Students were seated in a circle for the Socratic seminar and engaged in whole-group discussion. Two students were assigned the role of moderator. Ms. Male and Ms. McElveen chose their seats strategically—placing themselves between students they knew would need additional support. To help students “warm up” and build confidence for participation in a Socratic seminar, Ms. Male and Ms. McElveen grouped students into small “lit circles” of four to eight students each. Each student had a very prescribed role (e.g., discussion director, literary luminary, vocabulary enricher, the summarizer, travel tracer, connector). Throughout the year, they modified the seating arrangements based on their objectives. Sometimes they incorporated a “fishbowl seminar,” where students sat in two circles, one inside and one outside. The teachers could manipulate the circles in different ways. (For example, the inside circle held quieter student, while the outside circle held those students who tended to dominate conversations. This encouraged the students in the inner circle to feel empowered to speak out more. Each student in the outer circle was paired with a student on the inner circle to coach and give advice.)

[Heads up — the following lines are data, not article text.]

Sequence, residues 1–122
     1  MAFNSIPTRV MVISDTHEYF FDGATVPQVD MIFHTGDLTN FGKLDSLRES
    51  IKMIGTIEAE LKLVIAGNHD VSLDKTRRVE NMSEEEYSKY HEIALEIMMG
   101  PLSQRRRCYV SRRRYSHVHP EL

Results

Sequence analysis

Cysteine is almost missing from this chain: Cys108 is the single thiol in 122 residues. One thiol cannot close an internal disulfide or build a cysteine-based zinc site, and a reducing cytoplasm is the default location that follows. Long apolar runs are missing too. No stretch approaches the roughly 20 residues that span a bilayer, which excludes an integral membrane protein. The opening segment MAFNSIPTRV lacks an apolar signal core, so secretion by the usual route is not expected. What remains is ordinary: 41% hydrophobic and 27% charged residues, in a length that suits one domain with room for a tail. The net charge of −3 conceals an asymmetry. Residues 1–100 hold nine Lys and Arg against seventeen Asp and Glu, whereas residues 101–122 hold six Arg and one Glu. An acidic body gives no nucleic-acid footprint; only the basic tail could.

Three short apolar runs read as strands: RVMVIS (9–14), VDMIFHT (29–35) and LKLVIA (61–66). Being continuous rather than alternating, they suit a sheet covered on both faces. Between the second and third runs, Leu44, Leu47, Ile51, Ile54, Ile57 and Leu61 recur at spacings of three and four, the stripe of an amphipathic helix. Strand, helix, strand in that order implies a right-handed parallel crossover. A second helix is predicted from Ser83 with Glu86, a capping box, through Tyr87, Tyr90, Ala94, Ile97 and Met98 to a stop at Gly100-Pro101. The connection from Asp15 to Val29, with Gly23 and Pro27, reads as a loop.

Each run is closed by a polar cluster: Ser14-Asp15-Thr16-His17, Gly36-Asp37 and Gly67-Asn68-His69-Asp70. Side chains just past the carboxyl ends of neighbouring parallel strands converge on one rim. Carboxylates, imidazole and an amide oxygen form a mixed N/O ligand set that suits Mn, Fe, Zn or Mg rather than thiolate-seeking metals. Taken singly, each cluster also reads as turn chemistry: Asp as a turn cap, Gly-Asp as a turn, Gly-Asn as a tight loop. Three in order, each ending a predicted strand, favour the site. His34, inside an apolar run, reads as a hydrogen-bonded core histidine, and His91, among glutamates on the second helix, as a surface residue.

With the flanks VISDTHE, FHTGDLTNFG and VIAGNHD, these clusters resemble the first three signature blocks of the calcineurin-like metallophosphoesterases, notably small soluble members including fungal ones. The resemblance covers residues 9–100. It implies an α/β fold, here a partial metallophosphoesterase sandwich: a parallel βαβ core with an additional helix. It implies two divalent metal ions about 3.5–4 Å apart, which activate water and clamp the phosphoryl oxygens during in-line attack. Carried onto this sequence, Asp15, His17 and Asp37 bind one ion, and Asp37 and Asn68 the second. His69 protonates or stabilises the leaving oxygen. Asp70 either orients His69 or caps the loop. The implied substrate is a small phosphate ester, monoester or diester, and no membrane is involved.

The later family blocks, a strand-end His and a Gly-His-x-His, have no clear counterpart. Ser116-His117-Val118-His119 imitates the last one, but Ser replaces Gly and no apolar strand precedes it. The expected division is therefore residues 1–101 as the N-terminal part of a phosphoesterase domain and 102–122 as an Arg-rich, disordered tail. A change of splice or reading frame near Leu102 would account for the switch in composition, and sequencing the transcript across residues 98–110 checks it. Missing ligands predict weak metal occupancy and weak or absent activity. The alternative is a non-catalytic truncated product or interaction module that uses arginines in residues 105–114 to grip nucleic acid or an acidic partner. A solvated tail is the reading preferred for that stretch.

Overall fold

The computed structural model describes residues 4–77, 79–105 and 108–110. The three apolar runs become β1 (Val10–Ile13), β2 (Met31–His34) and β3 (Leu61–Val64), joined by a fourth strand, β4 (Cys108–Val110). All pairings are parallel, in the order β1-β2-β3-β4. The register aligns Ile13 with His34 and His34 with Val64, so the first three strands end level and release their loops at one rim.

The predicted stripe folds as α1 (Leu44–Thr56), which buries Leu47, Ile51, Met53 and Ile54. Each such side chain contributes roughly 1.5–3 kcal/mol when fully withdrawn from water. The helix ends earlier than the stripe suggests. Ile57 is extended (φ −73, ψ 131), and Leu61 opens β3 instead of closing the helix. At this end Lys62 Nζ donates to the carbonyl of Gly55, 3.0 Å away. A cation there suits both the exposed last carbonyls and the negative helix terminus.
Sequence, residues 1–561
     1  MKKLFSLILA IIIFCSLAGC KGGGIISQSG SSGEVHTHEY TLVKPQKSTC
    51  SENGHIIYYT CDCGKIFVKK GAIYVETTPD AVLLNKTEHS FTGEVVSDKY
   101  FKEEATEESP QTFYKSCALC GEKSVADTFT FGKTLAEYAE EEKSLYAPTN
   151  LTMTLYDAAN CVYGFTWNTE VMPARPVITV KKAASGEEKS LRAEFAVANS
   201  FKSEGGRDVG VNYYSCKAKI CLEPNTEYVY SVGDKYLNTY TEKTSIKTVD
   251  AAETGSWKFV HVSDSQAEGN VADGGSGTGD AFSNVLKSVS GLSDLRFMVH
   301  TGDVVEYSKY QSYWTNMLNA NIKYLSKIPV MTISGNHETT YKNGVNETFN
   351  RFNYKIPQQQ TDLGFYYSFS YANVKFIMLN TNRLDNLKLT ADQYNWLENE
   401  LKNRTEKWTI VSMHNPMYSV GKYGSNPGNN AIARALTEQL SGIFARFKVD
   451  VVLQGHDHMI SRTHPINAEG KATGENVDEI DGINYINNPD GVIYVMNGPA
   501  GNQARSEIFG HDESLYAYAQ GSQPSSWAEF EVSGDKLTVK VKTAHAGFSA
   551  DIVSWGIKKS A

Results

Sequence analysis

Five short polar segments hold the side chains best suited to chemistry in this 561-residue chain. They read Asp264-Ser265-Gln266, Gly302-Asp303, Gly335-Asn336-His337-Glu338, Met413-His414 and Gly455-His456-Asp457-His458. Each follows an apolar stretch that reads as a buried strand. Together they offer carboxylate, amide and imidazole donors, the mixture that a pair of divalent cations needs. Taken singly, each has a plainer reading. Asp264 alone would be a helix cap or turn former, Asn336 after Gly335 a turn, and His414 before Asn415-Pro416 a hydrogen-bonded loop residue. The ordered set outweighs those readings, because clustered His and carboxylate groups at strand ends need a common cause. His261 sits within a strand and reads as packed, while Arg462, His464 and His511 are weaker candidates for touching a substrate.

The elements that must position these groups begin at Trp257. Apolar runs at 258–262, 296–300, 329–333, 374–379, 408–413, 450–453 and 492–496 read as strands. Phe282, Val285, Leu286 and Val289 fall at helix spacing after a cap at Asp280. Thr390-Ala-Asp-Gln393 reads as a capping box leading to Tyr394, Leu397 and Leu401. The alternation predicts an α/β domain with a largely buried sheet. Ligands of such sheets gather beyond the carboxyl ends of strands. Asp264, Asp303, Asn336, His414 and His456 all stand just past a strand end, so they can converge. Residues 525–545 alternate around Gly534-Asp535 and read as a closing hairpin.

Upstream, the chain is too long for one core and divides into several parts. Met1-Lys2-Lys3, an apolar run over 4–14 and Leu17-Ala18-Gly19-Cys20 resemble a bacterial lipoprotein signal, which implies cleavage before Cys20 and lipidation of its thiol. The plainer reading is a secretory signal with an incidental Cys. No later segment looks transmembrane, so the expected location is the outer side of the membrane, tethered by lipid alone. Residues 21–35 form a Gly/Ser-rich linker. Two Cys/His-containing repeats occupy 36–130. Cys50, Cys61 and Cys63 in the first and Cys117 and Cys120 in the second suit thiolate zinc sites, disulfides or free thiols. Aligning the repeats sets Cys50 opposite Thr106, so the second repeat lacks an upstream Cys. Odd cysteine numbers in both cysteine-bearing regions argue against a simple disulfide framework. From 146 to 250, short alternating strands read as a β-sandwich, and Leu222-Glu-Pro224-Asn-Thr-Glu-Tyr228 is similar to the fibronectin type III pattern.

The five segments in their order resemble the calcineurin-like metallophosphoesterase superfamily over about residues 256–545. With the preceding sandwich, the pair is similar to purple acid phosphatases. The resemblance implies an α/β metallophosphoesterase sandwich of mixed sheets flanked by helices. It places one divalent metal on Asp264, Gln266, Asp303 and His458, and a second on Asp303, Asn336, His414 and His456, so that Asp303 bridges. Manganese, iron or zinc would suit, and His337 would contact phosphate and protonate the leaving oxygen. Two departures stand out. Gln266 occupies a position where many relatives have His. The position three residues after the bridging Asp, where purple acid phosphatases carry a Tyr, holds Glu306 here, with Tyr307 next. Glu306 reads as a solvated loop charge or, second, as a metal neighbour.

Resources and Tools
- Smart Board
- A Suffolk Farmhand at Gallipoli by Leonard Thompson (excerpted from Akenfield: Portrait of an English Village by Ronald Blythe)
- The German Army Marches Through Brussels by Richard Harding Davis
- Song: “Christmas in the Trenches” by John McCutcheon
- Film: Paths of Glory
- WWI images of soldiers
- Handout: “It Says, I Say…” by Millennium Brooklyn High School Humanities team
The open-ended questions generated by students for the Socratic seminar were submitted to the teachers for review the day before and served as a way to assess student understanding. During the seminar, Ms. Male and Ms. McElveen often got out of their seats to walk around the circle to see if students were meeting their goals, who was seeking evidence and from where, who was capable of independent work, and who needed support.
Students reflected on their own participation in the seminar through three self-assessment questions. They received peer feedback at the end of the seminar through “shout-outs” during which students recognized each other for positive contributions.
Ms. Male and Ms. McElveen gave students an exam at the end of the unit using mock questions from the New York State Regents Exam.